There’s a neat property when you use this a certain way. The information on those nodes is deterministic. In the original batch, we took it and deterministically transformed it into this tree. From the leaf nodes of the tree, we can recompute what that would be. If you’re running a pruned node, you can erase the extra information as soon as you learn one of the expansion steps. The actual storage requirements are relatively low.

Four options

There are four options on what’s availbel today: you can have covenants with OP_COV, you have pubkey recovery, and pre-signed transactions and OP_SECURETHEBAG.

OP_COV

OP_COV is some pattern-matching based covenant where it interprets the output you’re creating. This is really powerful and therefore bad because you can create malicious covenants that can infect everything. It’s just been out for a number of years and nobody has made a serious effort to get it into bitcoin.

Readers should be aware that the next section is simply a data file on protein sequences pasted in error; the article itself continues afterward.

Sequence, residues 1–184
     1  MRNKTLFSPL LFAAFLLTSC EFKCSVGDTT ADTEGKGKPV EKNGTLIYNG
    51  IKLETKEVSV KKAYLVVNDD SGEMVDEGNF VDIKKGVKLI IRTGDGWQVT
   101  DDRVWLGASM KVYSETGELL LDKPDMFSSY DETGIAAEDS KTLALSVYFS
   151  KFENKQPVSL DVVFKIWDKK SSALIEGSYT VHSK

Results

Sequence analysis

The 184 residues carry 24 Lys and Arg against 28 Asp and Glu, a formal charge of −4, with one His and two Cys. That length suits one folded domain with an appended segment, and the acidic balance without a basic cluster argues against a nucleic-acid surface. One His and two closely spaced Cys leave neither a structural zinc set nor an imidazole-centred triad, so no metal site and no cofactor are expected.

Pre-signed transaction multisig

This one actually works, but if you have 100k people in this tree, then you need to do multiparty ECDSA with 100,000 people and there will be denial of service issues when someone goes offline which will happen. Another issue is that you can’t prove or guarantee to a third-party. You can’t prove to a receiving party. Also, you can’t evne prove to yourself, you have to delete the key after you sign with it and be non-circumventible, but maybe someone leaked it out of your memory. The last category is pubkey recovery like CHECKSIGFROMSTACK and ANYPREVOUT/NOINPUT but I don’t think it’s the way to go forward. The issue is that fundamentally that keys should be keys and signatures should be signatures. As soon as they are meaning some other thing, I think it’s an abstraction violation, and it doesn’t even work when you start hashing the pubkey into the message which is generally considered best practice for digital signature algorithms

OP_SECURETHEBAG

OP_SECURETHEBAG is a multi-byte opcode. It takes its argument from itself rather than from the stack. In OP_SECURETHEBAG, you include a hash which commits to all the details inside a transaction that will be used except for the COutPoints. You commit to everything else. If you know a particular COutPoint and you know it’s OP_SECURETHEBAG of some hash, then you can fill in exactly what transaction will occur and what the txid will be for tha ttransaction.